"Apart from shows that have folded, or shows where they were slow to rebook me and I had already accepted another job, I have a 100 per cent rebooking rate."
You can't complain about that.
"You've got to keep in mind that I had been a regular, a paying customer, at many car shows for a lot of years and I was very disappointed with the quality of announcing."
What about the quality of judging at shows? Do you think you'll do any more burnout judging?
"We caused some flack last time I judged [laughs]. No, I don't like judging..."
I'd hate to do it.
"Horsepower Heroes? I love doing that. There's a number and a clear winner. But burnouts, show 'n' shines, you know you'll disappoint somebody. And the dollars that are up for grabs..."
What are the secrets to being a successful announcer?
"Don't be up yourself. Learn your product: not every last detail but the unusual features that the public will be attracted to. Look after sponsors. They are critical to the overall success of any car show, especially with all the public liability problems these days.
"Be yourself. Treat people as people. Clear enunciation is essential, of course, and if you are excited by something, be excited! Be informative, without being a know-it-all."
And have a love of cars!
"Oh, year. My dad was a magistrate, you know..."
"Yeah. His bedroom was right next door to the garage. I'd open the garage door, push the car out, an FJ Holden it was, roll it down the street, start it up and burn around everywhere. I'd then push it back in the garage. He never ever said a word, I don't think he caught on."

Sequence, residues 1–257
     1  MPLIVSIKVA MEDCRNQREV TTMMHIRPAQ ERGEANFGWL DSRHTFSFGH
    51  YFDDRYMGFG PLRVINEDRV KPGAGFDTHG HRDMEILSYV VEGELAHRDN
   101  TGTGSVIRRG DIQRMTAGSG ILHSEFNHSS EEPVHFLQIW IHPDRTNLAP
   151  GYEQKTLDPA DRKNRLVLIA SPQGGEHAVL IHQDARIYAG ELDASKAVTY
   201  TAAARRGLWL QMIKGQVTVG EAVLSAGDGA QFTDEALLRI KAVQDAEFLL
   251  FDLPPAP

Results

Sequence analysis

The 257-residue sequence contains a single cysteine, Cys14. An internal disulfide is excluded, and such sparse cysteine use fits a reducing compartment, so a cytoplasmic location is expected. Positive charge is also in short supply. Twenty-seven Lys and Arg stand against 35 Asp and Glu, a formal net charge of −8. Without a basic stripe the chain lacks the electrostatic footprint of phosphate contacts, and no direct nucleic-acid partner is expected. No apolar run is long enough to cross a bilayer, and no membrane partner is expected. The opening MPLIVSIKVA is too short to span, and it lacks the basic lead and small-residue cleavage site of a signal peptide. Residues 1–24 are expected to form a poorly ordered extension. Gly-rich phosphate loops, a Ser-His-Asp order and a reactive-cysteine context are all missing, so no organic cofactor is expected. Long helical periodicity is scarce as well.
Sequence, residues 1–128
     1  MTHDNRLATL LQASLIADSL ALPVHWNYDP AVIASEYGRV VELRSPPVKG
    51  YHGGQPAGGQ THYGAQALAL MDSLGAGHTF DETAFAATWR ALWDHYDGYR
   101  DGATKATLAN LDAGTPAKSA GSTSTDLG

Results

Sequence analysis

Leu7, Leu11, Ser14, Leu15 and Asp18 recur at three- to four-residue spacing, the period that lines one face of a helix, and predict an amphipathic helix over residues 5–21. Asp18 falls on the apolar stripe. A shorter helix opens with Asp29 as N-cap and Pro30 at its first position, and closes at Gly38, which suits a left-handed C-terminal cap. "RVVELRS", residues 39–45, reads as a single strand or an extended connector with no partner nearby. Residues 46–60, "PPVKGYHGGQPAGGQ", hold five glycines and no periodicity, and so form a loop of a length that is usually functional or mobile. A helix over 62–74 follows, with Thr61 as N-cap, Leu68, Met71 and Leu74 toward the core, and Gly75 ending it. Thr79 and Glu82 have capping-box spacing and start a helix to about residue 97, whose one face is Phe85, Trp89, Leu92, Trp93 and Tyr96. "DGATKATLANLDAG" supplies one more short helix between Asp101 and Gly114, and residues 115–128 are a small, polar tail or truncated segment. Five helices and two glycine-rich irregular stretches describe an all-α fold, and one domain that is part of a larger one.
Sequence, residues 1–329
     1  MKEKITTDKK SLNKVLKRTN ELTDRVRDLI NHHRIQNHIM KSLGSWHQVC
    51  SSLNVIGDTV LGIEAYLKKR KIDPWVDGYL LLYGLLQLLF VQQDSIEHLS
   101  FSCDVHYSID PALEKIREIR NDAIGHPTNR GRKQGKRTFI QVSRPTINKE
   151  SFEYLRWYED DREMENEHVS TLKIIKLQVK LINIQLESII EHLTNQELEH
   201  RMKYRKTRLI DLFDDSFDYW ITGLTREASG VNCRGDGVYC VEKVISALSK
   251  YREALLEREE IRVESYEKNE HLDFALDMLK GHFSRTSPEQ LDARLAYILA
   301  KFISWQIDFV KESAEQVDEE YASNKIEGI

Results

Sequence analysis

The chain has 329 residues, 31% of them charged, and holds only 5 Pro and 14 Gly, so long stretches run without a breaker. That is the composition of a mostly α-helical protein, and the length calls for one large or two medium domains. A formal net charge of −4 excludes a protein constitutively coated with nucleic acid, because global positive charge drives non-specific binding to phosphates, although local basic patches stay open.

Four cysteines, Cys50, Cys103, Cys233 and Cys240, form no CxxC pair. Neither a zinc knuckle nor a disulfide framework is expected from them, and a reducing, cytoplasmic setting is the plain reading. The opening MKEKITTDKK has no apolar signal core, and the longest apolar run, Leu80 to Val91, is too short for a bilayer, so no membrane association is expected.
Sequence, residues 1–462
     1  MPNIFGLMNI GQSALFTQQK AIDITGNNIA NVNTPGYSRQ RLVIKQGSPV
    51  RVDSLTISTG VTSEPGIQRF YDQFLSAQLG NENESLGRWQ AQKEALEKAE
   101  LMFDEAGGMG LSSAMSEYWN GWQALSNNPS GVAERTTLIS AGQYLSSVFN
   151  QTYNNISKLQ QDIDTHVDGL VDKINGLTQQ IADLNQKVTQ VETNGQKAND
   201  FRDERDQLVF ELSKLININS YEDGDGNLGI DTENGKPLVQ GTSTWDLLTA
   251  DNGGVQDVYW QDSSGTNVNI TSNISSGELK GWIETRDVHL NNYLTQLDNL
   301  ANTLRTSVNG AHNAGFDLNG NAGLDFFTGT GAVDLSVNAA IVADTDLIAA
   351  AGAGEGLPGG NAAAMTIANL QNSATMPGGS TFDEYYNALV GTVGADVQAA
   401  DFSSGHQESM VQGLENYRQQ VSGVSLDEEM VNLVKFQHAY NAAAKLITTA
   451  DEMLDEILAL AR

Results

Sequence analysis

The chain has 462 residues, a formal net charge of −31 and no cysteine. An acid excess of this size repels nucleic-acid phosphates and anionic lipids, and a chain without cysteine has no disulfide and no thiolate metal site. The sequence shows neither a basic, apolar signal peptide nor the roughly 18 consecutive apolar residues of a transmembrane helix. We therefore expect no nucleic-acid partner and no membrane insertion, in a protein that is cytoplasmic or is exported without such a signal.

Is it harder for kids to have fun these days?
"Yes. Back then we had Brickies, the Big Chief at Granville, Bass Hill Drive-in, the Big Dipper. Remember all that oil that used to accidentally get spilled on Parramatta Road [laughs]?"
Hardly anyone got killed.
"We were lucky. I put a '57 into a telegraph pole once. The wildest, craziest most dangerous car I had was a Triumph Mayflower with a 253 Holden motor. There was no such thing as engineer's reports or anything, you just went ahead and did it!"
Are the cops too tough on kids these days?
"I totally disagree with the Summernats (Marulan weigh station) thing, where young people did the right thing and put their cars on trailers but still got harassed by the police. And at Shepparton, at the Springnats, all the cars pulled over there...the one common factor I noticed is that they were all young. My car stands out a bit and I've never been harassed."
Tell us about your car.
"It's an XD wagon with an XF body. It has a 351 and does around 80,000 kilometres per year towing our caravan, which doubles as an outside broadcast unit, to various shows. Charlie from CWS Smash did a pink flame job on the car to my design..."
It's the Year of the Flame, I reckon.
"Yeah, and I'm such a quiet introverted sort of person."
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Street Machine is the bible of Aussie modified auto culture, celebrating wild muscle cars, customs and hot rods – and the incredible humans who create them.